families, and less in urban, well-off setups.”
Moreover, when couples live away from their extended families and when the husband is supportive, a woman has more breathing space.
For Vinita Roy, a media professional in Delhi, the decision to not have a child was made jointly with her partner, as is the case with Aditi. “When we married, there was no concern over having or not having children,” says Vinita. Though she is now 35 and has been married for 10 years, her parents still have not given up. “They still hope that one fine day, I’ll turn up at their doorstep and say, ‘Surprise! I have a baby.’” Her mother-in-law had a “big problem” with her decision, but Vinita stuck to her guns. Her father-in-law, less insistent, put forth a suggestion of adoption, but she was not really interested. “I do miss not having a kid,” admits Vinita, “but we weighed the pros and cons, and the pros were more in favour of not having it. I have a lot of freedom... from report cards and zoo trips. When I play with other people’s children, a lot of my maternal feelings are satisfied. We love cuddling them, but we like the time we have without children,” she states.
Playing with other people’s children is where Anita Jacob, 54, draws the line, too. A Pune-based hypnotherapist, now out of a relationship, Anita decided in her early teens that she was not going to “go through the nine months” and everything else that comes thereafter. Having a baby is a decision that a woman should take for herself and herself alone, she believes. “Look at yourself and value yourself. You do certain things [like having a baby], as there’s a payoff,” says Anita. “If you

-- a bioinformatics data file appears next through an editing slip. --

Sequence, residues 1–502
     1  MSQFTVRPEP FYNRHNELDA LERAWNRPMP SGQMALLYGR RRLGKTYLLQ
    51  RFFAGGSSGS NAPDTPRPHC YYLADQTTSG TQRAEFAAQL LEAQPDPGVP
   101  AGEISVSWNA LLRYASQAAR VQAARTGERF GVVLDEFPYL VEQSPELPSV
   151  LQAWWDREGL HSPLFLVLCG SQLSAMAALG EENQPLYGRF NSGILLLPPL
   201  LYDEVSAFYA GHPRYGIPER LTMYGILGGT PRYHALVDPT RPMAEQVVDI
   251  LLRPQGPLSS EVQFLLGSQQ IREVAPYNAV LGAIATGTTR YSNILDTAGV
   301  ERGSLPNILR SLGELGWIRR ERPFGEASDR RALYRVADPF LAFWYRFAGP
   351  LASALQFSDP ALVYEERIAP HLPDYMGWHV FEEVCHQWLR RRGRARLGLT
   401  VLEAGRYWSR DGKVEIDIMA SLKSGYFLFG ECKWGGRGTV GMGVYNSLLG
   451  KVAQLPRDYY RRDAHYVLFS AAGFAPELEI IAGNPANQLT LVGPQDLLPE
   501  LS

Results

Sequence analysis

take a bold step [of deciding against it], you think you may lose out on that [family] support. Women should stop and look hard at the thoughts they are thinking. Then make a choice. You have to live with the consequences. Cut the crap around it.”
Indefatigable family members and acquaintances try to steer women towards adoption if a biological baby doesn’t come. Aditi, who looks about six years younger than she is, expects to start getting that advice within a few years. Tanya’s mother proposed twice that she should adopt ma child and the mother would raise it. Given that the mother is in her sixties, Tanya asked if the child would become a hand-me-down toy when her mother could no longer look after it. This, naturally, caused offence, but Tanya’s message was clear: a child is a huge responsibility and she didn’t want it.
When unwilling women do cave in to pressure, social conditioning is largely to blame, Anita thinks. “Women are told, ‘You study, get married, and have children so they can look after you in your old age.’ You’re programmed to think that you can’t take care of yourself in your old age, so you must
A lot of women can, in fact, take care of themselves when older, thanks to their work and their pension funds. And, as UK-based columnist Zoe Williams writes in an article: “The primacy of childbearing... may be hardwired, but surely a sophisticated mind should be able to unwire it.”
It takes more than logic to change attitudes, though. “A woman’s primary role is still seen as bearing and rearing children,” says Krishnaraj. “It’s difficult to overcome this. My approach is that her identity should not be only as a mother, but also as a woman.”
Source: Marie Claire